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Michigan bill punishes universities for skirting right-to-work

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Robby Soave
Reporter

Republicans in the Michigan House of Representatives approved a bill earlier this week that will deny funding to any public university that attempts to sidestep right-to-work by capitulating to union contract demands.

All public employee union contracts that are approved before Michigan’s new right-to-work law takes effect at the end of March will effectively circumvent the law’s requirements. The faculty union contract recently approved by Wayne State University, for example, will force teachers to pay union dues for the next eight years.

In response, the House subcommittee on higher education appropriations approved a bill that cuts funding to WSU by 15 percent, The Detroit Free Press reported.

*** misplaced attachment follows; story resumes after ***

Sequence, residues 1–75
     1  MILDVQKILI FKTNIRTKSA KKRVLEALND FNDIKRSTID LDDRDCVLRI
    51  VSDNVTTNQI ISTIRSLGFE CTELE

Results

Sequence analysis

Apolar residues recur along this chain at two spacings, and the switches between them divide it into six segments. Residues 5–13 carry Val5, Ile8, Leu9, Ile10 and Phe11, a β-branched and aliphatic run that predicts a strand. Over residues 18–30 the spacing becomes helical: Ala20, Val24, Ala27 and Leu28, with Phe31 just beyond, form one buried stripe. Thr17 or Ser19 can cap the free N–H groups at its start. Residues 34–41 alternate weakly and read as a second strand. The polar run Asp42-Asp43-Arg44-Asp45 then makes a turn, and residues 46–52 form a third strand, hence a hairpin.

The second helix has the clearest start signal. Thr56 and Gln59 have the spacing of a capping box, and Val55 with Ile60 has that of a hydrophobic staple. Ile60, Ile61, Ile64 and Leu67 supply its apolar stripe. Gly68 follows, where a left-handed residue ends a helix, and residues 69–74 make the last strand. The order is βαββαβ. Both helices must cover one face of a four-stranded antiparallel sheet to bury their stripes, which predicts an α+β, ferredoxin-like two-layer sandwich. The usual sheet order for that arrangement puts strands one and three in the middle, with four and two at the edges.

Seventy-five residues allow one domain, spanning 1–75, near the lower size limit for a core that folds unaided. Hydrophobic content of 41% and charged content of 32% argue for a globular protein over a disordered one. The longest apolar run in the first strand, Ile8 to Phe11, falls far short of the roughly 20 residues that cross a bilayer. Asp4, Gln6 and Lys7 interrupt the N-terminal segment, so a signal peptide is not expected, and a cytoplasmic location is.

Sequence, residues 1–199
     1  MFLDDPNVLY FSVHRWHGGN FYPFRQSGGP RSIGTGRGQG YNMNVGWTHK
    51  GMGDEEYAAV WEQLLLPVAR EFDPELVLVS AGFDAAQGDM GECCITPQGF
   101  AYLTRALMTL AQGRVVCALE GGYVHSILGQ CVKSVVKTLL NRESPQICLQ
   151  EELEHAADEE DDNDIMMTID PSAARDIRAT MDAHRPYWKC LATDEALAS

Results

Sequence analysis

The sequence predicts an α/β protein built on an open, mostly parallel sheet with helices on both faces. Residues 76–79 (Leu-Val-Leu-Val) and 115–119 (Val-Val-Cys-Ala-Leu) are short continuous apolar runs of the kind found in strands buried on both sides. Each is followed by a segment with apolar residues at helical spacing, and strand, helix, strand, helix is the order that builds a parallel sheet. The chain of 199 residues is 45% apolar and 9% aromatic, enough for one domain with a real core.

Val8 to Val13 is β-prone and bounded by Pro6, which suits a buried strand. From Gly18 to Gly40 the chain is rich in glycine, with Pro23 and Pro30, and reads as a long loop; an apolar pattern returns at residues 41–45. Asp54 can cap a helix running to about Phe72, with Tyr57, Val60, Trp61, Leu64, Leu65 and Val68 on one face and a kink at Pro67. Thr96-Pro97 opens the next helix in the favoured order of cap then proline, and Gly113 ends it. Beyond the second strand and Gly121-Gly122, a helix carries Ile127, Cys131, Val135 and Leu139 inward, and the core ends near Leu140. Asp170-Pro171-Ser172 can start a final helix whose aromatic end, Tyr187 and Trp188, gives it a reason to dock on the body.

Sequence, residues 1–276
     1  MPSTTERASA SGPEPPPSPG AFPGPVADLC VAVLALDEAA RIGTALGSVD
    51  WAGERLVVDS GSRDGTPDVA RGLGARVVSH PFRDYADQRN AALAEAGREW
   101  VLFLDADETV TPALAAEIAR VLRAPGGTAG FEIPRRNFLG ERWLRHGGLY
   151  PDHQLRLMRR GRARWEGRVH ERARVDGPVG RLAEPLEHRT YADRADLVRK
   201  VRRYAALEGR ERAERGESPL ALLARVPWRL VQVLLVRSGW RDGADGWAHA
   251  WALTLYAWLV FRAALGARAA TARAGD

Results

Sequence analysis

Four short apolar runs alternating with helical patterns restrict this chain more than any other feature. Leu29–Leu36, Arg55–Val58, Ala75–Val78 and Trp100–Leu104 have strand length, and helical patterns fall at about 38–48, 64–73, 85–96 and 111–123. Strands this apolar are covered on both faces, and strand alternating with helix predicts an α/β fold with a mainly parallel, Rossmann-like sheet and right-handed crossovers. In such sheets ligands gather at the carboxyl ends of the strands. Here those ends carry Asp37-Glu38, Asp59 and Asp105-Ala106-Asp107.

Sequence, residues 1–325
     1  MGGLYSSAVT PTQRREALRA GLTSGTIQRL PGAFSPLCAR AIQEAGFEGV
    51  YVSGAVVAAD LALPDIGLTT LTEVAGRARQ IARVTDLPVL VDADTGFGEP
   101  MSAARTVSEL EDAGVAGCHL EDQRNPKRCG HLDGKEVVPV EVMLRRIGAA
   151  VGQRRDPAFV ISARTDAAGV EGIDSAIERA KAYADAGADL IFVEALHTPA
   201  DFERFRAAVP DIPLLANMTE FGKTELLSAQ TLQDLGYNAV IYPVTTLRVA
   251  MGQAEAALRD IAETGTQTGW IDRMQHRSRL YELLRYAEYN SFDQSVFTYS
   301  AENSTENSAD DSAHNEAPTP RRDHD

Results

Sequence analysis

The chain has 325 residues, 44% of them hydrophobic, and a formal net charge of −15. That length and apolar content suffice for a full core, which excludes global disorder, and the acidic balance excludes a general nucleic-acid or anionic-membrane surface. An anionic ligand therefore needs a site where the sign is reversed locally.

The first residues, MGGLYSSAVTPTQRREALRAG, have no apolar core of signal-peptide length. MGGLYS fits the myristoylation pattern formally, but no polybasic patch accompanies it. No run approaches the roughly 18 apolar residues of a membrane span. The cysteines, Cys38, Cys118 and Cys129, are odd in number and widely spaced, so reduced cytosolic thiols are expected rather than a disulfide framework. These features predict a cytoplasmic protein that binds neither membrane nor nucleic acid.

The tactic infuriated administrators at WSU, who threatened to raise tuition in response.

“This legislation is punishment in reaction to an eight-year contract that was concluded as part of the normal negotiations process, and well within the legal requirements of Right to Work,” said WSU spokesperson Matt Lockwood in a statement. “We will have no choice but to raise tuition.”

The WSU Board of Governors largely consists of Democrats, highlighting the partisan nature of the battle over implementation of right-to-work in Michigan.

The bill is worded so that it would also affect the University of Michigan, if UM approves a similarly lengthy contract. Universities must show that there employee contracts are actually saving money in order to avoid the 15 percent cut.

The Michigan legislature is Republican-controlled, meaning that the bill stands a good chance of achieving final passage.

“I think we’ve sent a serious message here,” said Rep. Al Pscholka, a Republican and chair of the subcommittee, in a statement. “This has to do with trying to circumvent state law. An eight-year contract doesn’t stand up for taxpayers. It’s very blatant what’s going on here.”

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